article originally appeared in the July 1982 issue of Keyboard magazine.)
Scholars and fans could argue for years about which of the millions of recorded jazz solos belong in the category of classic performances, without ever reaching agreement on a definitive list. But it's safe to say that Thelonious Monk's improvisation on "Bags' Groove" would be a strong candidate for inclusion.
The tune is a 12-bar blues penned by Milt "Bags" Jackson, and it made its first appearance on a Miles Davis quintet session recorded on Dec. 24, 1954. In addition to Davis on trumpet, Jackson on vibes, and Monk on piano, the group included Percy Heath on bass and Kenny Clarke on drums. There was some tension between Miles and Monk on the date; reportedly, Miles told Monk not to comp at all behind the trumpet solos. The fact that Monk was sitting at the piano storing up energy (or fuming, if you choose to look at it that way) may have had something to do with the brilliant conciseness of his playing, not only on "Bags' Groove" but on "The Man I Love" (see page 26), recorded the same day.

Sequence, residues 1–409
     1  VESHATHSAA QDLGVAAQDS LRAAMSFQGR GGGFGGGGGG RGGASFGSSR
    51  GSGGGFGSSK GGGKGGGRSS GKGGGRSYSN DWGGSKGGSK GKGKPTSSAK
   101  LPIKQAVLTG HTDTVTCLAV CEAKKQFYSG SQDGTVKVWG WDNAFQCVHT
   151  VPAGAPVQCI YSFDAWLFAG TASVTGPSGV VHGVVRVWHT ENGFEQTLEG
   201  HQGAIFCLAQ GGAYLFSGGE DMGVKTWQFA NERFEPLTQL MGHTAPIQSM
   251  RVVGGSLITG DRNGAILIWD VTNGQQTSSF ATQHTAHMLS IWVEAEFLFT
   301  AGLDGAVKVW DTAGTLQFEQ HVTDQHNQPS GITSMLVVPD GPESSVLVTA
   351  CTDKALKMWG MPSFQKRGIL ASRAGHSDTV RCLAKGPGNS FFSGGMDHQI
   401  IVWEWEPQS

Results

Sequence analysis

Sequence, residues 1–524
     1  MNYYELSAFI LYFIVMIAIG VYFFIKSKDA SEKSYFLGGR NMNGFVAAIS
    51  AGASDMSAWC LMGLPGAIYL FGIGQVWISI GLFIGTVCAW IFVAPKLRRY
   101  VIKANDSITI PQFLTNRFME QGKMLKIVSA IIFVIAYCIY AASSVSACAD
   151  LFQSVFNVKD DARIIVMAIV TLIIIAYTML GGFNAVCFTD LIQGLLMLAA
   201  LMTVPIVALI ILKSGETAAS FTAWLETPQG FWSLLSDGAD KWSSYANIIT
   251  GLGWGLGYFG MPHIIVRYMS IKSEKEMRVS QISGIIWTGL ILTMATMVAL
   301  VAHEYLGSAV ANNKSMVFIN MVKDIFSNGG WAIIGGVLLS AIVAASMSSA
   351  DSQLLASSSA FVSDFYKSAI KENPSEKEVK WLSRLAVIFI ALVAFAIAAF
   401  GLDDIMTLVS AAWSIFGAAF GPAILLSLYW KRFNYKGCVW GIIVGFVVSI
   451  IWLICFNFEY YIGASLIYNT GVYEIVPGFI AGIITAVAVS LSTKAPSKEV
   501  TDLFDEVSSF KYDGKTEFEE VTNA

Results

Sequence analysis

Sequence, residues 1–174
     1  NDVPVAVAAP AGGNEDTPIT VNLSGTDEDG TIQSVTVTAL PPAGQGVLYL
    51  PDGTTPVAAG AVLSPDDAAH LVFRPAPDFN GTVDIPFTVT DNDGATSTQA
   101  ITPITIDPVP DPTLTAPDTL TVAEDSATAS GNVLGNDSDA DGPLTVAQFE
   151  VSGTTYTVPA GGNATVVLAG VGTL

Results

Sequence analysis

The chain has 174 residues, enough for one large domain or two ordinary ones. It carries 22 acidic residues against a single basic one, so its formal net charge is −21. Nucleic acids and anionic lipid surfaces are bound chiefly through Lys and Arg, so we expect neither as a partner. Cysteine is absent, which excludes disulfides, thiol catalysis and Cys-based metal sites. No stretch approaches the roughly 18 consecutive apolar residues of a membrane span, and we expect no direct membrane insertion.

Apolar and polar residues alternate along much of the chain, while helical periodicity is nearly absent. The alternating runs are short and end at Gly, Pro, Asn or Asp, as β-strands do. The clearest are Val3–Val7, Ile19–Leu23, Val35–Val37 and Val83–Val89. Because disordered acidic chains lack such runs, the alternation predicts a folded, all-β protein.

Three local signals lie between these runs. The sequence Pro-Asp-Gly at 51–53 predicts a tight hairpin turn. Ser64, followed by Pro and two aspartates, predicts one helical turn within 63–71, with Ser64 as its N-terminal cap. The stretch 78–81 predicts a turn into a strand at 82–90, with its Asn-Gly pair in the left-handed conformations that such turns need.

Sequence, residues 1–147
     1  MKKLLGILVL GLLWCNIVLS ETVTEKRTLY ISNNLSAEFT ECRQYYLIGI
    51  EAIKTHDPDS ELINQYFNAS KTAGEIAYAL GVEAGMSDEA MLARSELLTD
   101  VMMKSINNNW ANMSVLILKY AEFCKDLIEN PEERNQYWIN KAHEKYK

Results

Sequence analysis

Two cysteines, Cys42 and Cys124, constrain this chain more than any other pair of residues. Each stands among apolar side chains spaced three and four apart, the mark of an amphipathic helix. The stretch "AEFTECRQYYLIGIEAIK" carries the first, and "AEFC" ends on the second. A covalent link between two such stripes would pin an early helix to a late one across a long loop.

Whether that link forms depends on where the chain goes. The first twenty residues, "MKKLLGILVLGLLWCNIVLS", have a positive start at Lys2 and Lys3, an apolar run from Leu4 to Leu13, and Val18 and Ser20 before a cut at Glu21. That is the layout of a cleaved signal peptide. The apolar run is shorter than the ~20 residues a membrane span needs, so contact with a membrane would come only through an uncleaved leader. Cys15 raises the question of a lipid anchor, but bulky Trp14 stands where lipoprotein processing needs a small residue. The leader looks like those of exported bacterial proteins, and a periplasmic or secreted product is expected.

For an analysis of the solo shown below, please consult Ran Blake's article The Monk Piano Style. (Listen along with the tune here.)